- the situation of detainees and people living in institutionalised settings, who are particularly vulnerable to transmissible diseases and to the isolating effects of sanitary restrictions;
- corruption risks, notably in public procurement processes; and
- the role of Parliament, including the opposition.
7. In addition, the Assembly recalled the importance of parliaments as guarantors of democracy in times of crisis. It stressed that the continuity of parliamentary proceedings and the public coverage of its work also ensure the government’s legitimacy, promote transparency in policy making and enhance public trust, which can increase public adherence to emergency measures. With regard to elections during emergency situations, the Assembly suggested a set of principles, based on recommendations by the Venice Commission.
8. The Assembly welcomed the fact that most parliaments had adapted their working methods so as to continue exercising their constitutional roles during the pandemic. It called upon parliaments to ensure the necessary adaptations to their internal structures, rules and procedures; carefully assess the government’s response to the pandemics, including the exercise of emergency powers, implementation of an exit strategy, and preparedness for possible new waves of pandemics; and review and, where necessary, revise legislation on emergency situations to ensure maximum efficiency while respecting fundamental principles of democracy, human rights and the rule of law.
9. When addressing the way forward, special focus has to be placed on the alarming increase in violence against women and domestic violence during the pandemic. The figures are distressing already during normal times, but the health crisis and the confinement exacerbated pre-existing violence in all Council of Europe member States. Cases reported increased drastically as a result of restrictions and provided perpetrators with additional power and control over their victims. At the same time, there were fewer police interventions, legal assistance was reduced, and courts closed, as well as most of the shelters. This left the victims alone in their “homes” with their abusive and violent partners.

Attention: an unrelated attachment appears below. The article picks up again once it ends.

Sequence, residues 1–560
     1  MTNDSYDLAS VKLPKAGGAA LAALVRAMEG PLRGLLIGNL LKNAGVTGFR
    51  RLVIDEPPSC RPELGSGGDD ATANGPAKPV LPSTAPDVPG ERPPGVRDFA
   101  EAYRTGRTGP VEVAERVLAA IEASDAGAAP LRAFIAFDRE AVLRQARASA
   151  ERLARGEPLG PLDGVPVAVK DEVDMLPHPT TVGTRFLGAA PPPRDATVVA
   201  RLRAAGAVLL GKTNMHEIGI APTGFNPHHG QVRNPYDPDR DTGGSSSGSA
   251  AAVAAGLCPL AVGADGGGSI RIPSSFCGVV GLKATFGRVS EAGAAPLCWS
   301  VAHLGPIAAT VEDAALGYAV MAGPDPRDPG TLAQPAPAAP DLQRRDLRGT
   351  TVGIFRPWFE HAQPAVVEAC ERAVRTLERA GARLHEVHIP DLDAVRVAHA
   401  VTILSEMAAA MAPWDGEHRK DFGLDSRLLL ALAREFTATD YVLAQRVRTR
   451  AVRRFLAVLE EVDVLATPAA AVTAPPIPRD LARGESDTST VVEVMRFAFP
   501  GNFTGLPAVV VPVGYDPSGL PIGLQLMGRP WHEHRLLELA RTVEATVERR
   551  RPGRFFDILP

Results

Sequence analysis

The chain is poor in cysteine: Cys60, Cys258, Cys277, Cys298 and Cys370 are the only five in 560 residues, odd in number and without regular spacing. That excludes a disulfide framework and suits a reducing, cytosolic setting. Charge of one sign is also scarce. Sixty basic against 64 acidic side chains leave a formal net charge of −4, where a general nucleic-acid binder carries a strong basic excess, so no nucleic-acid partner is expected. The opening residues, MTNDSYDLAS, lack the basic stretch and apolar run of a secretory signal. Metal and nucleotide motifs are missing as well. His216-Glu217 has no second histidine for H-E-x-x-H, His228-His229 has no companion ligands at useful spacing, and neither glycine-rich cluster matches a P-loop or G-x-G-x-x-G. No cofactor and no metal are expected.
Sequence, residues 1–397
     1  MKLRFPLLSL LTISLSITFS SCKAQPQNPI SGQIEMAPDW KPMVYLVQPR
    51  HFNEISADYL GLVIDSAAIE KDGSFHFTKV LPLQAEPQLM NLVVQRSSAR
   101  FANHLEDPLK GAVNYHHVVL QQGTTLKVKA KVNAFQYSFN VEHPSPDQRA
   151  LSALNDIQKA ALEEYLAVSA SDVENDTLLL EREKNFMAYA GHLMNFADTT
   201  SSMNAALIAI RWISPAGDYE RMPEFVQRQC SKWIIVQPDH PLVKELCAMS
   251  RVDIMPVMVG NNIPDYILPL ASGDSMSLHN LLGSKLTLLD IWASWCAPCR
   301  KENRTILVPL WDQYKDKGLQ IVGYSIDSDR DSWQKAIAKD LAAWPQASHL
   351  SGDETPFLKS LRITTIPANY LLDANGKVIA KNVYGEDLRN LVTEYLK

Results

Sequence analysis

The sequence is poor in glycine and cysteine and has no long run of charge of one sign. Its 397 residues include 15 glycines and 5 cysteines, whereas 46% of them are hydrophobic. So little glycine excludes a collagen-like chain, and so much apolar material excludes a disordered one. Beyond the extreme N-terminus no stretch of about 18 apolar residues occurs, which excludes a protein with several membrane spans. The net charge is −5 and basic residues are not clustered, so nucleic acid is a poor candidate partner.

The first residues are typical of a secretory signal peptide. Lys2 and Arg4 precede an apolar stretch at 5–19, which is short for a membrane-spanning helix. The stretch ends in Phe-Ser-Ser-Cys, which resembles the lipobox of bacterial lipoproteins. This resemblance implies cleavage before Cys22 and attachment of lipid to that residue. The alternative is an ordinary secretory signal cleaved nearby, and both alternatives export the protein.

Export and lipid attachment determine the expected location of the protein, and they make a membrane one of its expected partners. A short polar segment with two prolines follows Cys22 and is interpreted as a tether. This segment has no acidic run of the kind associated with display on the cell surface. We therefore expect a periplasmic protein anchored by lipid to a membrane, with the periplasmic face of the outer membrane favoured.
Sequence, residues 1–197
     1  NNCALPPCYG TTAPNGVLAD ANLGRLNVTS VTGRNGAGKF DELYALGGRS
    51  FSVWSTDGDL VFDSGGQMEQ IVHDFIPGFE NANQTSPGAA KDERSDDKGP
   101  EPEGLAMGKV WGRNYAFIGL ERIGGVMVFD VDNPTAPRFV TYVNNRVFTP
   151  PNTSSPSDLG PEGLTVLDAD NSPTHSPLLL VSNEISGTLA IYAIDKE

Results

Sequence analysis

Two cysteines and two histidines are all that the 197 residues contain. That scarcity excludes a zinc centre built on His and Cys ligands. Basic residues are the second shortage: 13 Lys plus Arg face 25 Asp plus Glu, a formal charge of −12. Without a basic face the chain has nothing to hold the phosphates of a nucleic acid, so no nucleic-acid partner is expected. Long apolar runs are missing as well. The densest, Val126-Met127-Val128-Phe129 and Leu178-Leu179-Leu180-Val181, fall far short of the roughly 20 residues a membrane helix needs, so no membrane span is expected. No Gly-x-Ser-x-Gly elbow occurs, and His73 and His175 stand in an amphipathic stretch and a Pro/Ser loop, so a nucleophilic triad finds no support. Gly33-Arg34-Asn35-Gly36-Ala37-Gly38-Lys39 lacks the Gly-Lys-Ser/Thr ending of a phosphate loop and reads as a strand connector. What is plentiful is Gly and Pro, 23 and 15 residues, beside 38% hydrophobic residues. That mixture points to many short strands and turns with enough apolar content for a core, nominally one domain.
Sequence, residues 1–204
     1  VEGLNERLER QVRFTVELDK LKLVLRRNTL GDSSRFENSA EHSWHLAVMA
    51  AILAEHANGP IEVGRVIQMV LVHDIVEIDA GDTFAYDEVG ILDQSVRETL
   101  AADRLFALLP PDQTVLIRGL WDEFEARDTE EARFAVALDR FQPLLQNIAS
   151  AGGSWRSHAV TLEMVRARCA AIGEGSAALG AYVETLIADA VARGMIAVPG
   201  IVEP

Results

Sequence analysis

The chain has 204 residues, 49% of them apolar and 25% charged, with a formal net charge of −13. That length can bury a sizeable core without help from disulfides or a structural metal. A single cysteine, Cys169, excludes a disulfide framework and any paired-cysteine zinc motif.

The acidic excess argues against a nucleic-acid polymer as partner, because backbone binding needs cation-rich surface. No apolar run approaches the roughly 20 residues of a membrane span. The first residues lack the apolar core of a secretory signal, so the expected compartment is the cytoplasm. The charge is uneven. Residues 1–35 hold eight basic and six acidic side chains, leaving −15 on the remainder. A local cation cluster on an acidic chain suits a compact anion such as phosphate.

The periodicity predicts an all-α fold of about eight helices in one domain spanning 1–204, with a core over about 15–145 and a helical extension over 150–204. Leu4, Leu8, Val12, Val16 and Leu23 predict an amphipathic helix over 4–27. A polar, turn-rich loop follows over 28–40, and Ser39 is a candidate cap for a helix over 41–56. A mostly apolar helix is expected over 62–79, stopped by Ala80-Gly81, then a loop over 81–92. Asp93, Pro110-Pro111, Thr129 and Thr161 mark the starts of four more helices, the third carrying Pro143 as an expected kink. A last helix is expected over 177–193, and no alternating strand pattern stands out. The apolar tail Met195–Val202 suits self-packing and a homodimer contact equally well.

10. The Council of Europe Convention on Preventing and Combating Violence against Women and Domestic Violence (the Istanbul Convention) provides a framework for designing and implementing measures to guide authorities, including Parliaments, in ensuring that the obligation of states party to the Istanbul Convention to exercise due diligence to prevent, investigate, punish and provide reparation for acts of violence covered therein, is fully respected.
11. In addition, Parliaments must remain attentive as regards unequal impact on different groups of government measures introduced in response to the pandemic, notably on women, children and young people, people living in institutionalised settings, racialised people, Roma, migrants and LGBTI persons. They have often been disproportionately affected by the pandemic, due to both an increased risk of contracting the disease and “one-size-fits-all” measures inappropriate to their specific needs. The pandemic has also amplified discrimination on different grounds.